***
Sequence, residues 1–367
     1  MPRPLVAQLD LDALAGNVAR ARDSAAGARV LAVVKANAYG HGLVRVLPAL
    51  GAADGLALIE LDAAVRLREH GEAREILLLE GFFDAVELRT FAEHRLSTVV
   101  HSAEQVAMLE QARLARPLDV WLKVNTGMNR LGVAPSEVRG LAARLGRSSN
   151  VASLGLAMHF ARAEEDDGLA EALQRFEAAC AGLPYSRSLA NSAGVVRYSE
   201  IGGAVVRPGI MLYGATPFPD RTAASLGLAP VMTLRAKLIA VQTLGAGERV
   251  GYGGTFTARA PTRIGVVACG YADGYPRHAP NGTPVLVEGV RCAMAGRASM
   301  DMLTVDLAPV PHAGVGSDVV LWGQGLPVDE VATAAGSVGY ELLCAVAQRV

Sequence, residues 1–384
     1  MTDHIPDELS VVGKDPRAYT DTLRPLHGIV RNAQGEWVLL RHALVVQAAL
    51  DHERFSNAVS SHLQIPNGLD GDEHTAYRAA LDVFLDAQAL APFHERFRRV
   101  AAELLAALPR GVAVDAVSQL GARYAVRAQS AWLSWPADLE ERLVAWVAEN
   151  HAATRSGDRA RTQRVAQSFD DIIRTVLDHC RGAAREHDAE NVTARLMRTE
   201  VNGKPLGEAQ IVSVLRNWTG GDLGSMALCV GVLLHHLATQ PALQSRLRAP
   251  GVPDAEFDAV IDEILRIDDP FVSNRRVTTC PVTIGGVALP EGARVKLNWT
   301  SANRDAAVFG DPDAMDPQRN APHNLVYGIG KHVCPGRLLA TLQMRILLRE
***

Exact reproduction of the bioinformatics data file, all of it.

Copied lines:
Sequence, residues 1–367
     1  MPRPLVAQLD LDALAGNVAR ARDSAAGARV LAVVKANAYG HGLVRVLPAL
    51  GAADGLALIE LDAAVRLREH GEAREILLLE GFFDAVELRT FAEHRLSTVV
   101  HSAEQVAMLE QARLARPLDV WLKVNTGMNR LGVAPSEVRG LAARLGRSSN
   151  VASLGLAMHF ARAEEDDGLA EALQRFEAAC AGLPYSRSLA NSAGVVRYSE
   201  IGGAVVRPGI MLYGATPFPD RTAASLGLAP VMTLRAKLIA VQTLGAGERV
   251  GYGGTFTARA PTRIGVVACG YADGYPRHAP NGTPVLVEGV RCAMAGRASM
   301  DMLTVDLAPV PHAGVGSDVV LWGQGLPVDE VATAAGSVGY ELLCAVAQRV

Sequence, residues 1–384
     1  MTDHIPDELS VVGKDPRAYT DTLRPLHGIV RNAQGEWVLL RHALVVQAAL
    51  DHERFSNAVS SHLQIPNGLD GDEHTAYRAA LDVFLDAQAL APFHERFRRV
   101  AAELLAALPR GVAVDAVSQL GARYAVRAQS AWLSWPADLE ERLVAWVAEN
   151  HAATRSGDRA RTQRVAQSFD DIIRTVLDHC RGAAREHDAE NVTARLMRTE
   201  VNGKPLGEAQ IVSVLRNWTG GDLGSMALCV GVLLHHLATQ PALQSRLRAP
   251  GVPDAEFDAV IDEILRIDDP FVSNRRVTTC PVTIGGVALP EGARVKLNWT
   301  SANRDAAVFG DPDAMDPQRN APHNLVYGIG KHVCPGRLLA TLQMRILLRE